Difference between about and on
Use about to talk about ordinary, general kinds of communication.
Use on to talk about something more serious or academic.
- We had a conversation about money. (A conversation is a kind of ordinary communication. Therefore we use about in this case.)
- She gave a lecture on economics. (A lecture is more academic in nature. Therefore we use on this case.)
- Have you got any books on quantum physics?
- Yesterday, I read an interesting book about dogs.
Difference between above and over
Use above when one thing is not directly over another. Above is also used in measurements of temperature and height.
- There is a nice home above the river.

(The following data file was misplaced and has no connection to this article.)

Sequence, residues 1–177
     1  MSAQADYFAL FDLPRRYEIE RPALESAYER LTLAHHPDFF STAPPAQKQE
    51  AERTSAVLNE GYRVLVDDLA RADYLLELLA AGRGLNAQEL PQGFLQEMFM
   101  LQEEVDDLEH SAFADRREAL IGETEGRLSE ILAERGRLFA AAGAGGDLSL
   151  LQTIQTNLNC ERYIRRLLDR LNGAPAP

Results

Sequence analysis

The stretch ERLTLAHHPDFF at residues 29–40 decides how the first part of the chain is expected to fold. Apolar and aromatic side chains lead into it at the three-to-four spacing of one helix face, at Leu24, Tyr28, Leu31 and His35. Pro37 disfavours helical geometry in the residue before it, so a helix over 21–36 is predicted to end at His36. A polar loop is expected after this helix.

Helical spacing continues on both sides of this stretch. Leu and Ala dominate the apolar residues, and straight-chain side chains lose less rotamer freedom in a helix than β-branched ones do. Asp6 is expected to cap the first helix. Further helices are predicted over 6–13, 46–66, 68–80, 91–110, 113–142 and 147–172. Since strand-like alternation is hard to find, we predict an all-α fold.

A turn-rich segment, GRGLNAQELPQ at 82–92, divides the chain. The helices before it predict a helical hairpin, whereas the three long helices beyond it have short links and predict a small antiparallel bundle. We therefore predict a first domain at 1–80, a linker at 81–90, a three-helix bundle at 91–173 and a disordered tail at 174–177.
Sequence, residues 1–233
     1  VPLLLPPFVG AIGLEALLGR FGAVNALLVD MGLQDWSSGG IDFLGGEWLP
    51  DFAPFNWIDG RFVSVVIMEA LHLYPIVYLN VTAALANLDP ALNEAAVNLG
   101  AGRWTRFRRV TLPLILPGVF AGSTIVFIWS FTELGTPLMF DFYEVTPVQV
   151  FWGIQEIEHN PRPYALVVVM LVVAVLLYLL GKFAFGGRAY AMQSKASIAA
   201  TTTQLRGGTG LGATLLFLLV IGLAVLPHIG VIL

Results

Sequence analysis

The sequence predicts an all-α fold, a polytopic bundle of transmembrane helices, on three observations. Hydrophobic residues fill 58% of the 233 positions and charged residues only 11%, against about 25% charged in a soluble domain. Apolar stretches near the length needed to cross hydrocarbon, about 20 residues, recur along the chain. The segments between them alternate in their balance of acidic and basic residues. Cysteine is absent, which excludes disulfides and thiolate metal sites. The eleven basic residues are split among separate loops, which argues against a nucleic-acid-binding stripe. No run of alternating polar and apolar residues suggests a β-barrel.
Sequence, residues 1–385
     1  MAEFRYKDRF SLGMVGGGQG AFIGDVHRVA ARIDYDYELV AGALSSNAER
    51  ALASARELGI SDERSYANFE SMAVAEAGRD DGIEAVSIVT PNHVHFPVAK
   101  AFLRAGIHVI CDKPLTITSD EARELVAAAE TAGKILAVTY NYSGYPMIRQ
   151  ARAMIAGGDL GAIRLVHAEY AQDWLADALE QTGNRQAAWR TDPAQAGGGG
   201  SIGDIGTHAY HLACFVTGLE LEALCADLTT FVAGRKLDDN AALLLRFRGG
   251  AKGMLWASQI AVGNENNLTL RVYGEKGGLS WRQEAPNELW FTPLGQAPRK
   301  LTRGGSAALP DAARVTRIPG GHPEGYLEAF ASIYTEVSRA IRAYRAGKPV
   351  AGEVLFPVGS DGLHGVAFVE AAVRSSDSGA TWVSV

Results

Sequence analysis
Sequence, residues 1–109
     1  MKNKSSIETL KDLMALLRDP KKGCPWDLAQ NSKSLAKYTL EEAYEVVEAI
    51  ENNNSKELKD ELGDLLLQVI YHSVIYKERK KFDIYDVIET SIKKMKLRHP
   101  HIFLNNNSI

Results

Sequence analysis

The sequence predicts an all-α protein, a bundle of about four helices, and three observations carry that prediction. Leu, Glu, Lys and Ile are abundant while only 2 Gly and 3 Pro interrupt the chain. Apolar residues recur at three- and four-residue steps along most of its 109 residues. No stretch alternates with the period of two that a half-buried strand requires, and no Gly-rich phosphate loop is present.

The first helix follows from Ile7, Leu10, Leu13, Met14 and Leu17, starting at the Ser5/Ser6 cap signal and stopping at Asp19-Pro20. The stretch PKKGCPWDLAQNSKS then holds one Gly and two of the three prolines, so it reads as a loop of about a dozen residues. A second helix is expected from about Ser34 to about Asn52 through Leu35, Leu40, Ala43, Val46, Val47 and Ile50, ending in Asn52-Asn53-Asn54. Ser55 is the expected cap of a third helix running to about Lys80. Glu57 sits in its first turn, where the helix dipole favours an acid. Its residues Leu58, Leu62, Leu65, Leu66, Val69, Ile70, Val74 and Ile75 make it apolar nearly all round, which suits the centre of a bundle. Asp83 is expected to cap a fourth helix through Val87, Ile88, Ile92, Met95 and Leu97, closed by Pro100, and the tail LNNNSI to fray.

- The temperature is four degrees above zero.
Use over when one thing covers and / or touches another. Over is also used to talk about ages and speeds.
- Why are you wearing that torn coat over your shirt?
- She must be over forty.
Accept and agree
Before an infinitive, use ‘agree’, not ‘accept’.
- She agreed to come. (NOT She accepted to come.)
You cannot put a that-clause immediately after agree or disagree. For example, you cannot write ‘I agree that smoking should be banned.’ Instead, you have to write ‘I agree with the view / opinion / argument that smoking should be banned’.
More examples are given below.
- I disagree with your opinion that cars should not be allowed in city centres.
- Do you agree with the statement that education should be free for all?